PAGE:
8-10 yrs old
11-13 yrs old
Art and Design
Math & Economics
Look at examples of maps, learn to use grid references, and interpret maps using scale.
May 7, 2018
Treasure Island World File
Treasure Island world in Minecraft to support lessons.
OS Maps Digimap For Schools
Lesson Plans and Cross Curricular Resources
Lesson plan and additional resources.
What is a map?
Ask students the question: what is a map? Record their responses on a flip chart.
Have students refer to the map of Treasure Island and give them a range of different historical and fictional maps.
[Provided in attached zip file, Lesson 4 - Cross-Curricular Tie-Ins, Geography Resources]
Students work in pairs and identify what is the same about these maps and what is different. They record their responses on post-it notes with similarities in one color and differences in another color. They stick these on a large sheet of paper.
Ask for feedback from the class. Can we come up with a list of characteristics that are common to most maps? Start introducing key terminology e.g. symbols, features, compass, scale. Record a list of key characteristics on a flip chart.
Return to the question that was asked at the beginning of the lesson. What do children think a map is now? Add revised responses in a different color.
Ask the students what things help us to understand a map? Students discuss in groups and, hopefully, they will come up with things like color, symbols, features etc. Explain that today’s lesson will focus on symbols.
Give the students a section of an map of their local area that contains lots of symbols. Children should be given time to locate familiar places before moving on to the main activity.
Ask the students to do a symbol hunt on the local map. How many different symbols can they find?
Give the students a set of cards containing 10-15 symbols from the local area map that they have been given and matching cards containing the correct definitions.
Students work in a group and see if they can match the definitions to the correct symbols. They need to be able to justify the the choices that they have made.
Explain that on an map a key is known as a legend. The children are going to have 1 minute to look at the correct legend for the symbols they have been working with before playing a matching game. Children mix up the cards that they have and place them face down, spread out on the table.
Give students the actual legend to look at and time them for 1 minute. Collect in the legend.
Students play a memory game in groups to match the correct symbols to the definitions:
Students create their own legend for the local area map using the symbols and definitions that they have learned from the memory game.
Give students the map of the local area again. Why does the map have grid-lines (which are not part of the actual place) and numbers on it? Get responses from the children.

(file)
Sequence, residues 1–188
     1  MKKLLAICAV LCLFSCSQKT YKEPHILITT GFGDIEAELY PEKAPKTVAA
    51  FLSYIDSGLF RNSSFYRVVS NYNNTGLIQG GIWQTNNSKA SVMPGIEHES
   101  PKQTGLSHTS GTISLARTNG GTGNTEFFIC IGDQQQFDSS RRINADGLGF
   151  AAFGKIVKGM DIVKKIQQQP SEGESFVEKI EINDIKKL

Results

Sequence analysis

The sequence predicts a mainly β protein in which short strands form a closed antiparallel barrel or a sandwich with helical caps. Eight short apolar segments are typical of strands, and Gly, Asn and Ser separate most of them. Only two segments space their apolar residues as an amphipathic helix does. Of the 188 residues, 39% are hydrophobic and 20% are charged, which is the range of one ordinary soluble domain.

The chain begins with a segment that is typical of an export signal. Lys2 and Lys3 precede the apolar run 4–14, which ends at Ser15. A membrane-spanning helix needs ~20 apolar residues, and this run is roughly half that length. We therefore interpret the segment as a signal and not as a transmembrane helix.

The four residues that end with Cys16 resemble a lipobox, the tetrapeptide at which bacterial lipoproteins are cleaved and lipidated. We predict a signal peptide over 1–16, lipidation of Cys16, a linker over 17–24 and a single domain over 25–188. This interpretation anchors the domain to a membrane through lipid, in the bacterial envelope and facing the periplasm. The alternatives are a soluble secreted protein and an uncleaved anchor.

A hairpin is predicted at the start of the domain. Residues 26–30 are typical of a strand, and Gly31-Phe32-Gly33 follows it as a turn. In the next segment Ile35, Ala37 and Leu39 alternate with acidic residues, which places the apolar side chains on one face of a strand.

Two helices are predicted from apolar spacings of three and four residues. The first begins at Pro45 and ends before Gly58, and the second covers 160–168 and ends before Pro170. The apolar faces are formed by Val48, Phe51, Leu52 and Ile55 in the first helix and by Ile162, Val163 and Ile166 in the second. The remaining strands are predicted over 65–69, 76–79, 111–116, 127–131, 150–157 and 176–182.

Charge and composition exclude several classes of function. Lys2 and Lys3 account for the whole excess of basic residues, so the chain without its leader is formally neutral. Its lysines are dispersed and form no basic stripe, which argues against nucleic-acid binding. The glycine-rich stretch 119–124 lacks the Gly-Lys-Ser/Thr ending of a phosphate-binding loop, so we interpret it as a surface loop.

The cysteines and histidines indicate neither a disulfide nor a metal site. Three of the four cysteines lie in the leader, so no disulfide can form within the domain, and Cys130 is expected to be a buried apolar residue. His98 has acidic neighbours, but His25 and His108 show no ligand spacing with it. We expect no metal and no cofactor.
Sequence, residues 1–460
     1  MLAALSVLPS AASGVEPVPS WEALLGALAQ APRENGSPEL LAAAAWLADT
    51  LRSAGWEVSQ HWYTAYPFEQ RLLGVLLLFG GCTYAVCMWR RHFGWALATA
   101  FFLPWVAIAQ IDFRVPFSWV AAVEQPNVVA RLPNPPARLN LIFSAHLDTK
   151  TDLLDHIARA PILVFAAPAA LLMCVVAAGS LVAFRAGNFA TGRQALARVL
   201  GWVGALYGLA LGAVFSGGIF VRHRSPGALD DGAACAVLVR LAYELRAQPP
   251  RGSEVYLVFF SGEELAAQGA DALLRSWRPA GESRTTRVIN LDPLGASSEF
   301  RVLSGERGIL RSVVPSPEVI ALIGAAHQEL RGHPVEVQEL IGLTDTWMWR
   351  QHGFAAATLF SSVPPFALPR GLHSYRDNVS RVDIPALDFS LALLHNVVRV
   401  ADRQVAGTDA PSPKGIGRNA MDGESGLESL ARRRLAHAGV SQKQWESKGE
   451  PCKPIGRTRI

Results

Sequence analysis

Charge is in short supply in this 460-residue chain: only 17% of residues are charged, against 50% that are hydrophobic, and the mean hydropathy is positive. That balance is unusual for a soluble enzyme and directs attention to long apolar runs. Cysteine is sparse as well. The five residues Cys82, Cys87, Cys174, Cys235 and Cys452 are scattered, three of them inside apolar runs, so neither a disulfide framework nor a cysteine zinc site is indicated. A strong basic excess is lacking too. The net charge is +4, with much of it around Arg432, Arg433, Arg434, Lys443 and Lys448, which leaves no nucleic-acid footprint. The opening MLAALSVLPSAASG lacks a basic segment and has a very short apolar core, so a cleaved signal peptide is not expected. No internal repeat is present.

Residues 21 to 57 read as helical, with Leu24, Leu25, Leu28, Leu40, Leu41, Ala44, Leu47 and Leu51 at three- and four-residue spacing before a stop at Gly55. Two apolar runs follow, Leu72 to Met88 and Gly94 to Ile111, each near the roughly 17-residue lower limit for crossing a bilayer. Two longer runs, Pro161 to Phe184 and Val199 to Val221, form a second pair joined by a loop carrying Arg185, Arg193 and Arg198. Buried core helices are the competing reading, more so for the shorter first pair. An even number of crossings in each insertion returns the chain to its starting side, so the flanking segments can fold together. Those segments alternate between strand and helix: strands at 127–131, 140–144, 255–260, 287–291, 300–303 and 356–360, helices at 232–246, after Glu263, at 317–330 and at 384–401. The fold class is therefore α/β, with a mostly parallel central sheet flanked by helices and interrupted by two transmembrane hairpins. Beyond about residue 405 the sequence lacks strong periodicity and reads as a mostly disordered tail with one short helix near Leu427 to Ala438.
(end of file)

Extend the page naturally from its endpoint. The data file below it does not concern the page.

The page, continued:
Using the local area map explain how to use grid references.
Look at different scaled versions of the same local map that you have been using e.g. 1:25,000 and 1:50,000. Or use attached zip file, Lesson 4 - Cross-Curricular Tie-Ins, Mapping Scale.
Explain that the reason the maps look different is because they have different scales. The distance on the map is equivalent to an actual distance on land. On a 1:25,000 map 1cm is equal to 25,000 centimeters on the land and on a 1:50,000 map 1cm is equal to 50,000 centimeters on land.
Use 1:25,000 as class model and go through the following questions:
[use Lesson 4 - Determining Scale Worksheet in attached zip file]
Mapping to Scale
Choose an area of the school for students to measure. Ideally, it should be a large area with straight edges e.g. school playground/hall/field. Different groups could measure different areas.
Students work in groups and decide what equipment they are going to use to measure the area accurately and what they will need to measure.
Students measure the area and record their measurements.
Back in the classroom, students use their measurements to create a scale drawing of the area.
Provide a range of historical and fiction island maps, including the Treasure Island map, or have students bring in their own from home.
[See resources in attached zip file, Lesson 4 - Cross-Curricular Tie-Ins, Maps]
Students should carry out the following activities:
Once the map is completed students can give their island a name and compare their maps with a partner. They should self-assess how successful they have been at designing an island to scale.
Students will recreate their scale drawing of an island in Minecraft.
It may be helpful to start with one of these island seed worlds. To use a seed, create a new world, and type in the seed number below in Game Settings before clicking Create.
Students will work to remake the island that they have designed on paper to scale within the game.
Students are active participants in all activities.
Students are able to recognize an increasing range of symbols on maps.
Students are able to locate features on maps using six figure grid references.
Students are able to interpret maps using scale.
Students are able to recreate a scale map using Minecraft.
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